In 1911, citizens of Enid who called themselves Boosters (those with optimistic purpose) built a giant hammer as a symbol of the Knocker (those who knock progress and ideas) and held a Knocker Parade and funeral for Old Hammer, symbolically burying pessimism that was holding Enid back.
Escorted by 15 pallbearers and the Enid Band, followed by several vehicles and community leaders, the parade started at the Chamber of Commerce (currently known as the Bell building), went around the square 1.5 times, then lowered Old Hammer into its grave, near the SW corner of the square, likely across the street from the current Non Profit Center (previous Newman's building). Horace Greely McKeever delivered the funeral oration.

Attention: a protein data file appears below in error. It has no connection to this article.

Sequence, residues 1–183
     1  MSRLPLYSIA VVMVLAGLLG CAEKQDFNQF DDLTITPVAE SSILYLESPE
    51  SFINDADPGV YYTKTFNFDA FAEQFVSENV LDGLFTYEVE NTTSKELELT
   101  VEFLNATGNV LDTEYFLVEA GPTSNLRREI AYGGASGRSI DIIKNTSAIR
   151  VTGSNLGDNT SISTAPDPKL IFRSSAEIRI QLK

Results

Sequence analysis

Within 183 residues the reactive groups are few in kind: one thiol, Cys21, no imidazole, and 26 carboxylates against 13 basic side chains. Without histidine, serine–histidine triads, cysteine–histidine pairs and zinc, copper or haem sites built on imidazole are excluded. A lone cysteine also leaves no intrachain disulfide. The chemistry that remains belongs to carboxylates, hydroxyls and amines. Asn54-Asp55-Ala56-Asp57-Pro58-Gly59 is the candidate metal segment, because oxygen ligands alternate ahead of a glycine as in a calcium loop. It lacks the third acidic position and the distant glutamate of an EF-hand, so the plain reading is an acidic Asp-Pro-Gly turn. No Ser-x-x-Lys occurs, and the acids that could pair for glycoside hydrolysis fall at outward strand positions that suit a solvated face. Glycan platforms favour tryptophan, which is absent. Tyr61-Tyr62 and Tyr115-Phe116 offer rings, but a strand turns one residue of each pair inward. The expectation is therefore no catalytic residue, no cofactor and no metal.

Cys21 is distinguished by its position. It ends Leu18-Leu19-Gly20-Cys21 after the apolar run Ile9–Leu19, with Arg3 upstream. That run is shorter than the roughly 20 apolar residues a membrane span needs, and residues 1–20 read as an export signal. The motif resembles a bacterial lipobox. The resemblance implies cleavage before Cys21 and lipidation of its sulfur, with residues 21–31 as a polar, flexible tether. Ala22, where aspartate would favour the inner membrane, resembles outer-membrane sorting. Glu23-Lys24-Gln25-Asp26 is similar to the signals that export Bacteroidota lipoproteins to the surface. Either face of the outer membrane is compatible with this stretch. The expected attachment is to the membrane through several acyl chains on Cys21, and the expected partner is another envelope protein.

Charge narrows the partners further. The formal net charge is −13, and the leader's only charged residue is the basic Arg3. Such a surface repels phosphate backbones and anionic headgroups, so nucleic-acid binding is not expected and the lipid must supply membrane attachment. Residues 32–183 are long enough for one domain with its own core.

News of this elaborate event spread far and wide, and made a positive impact on the community. Enid residents were encouraged to wear red hammer pins on their lapels, as long as they pledged never to knock again. They threw their paper hammers into the grave, symbolically buried pessimism and celebrated Enid's bright future.
They thought this would never happen again.
106 years later, in 2017, Enid citizens encouraged residents to be Boosters for our community and began building a new giant hammer.
On September 16, 2017, Old Hammer was in the Cherokee Strip Parade around the downtown square in the morning, escorted by 20 pallbearers wearing red hammer Enid Booster lapel pins.
That evening, the Old Hammer Funeral & Celebration took place on Enid's brick street, the 200 block of E Maple. Ben Ezzell delivered the funeral oration, asking that we all lay down our hammers and celebrate Enid's bright future again.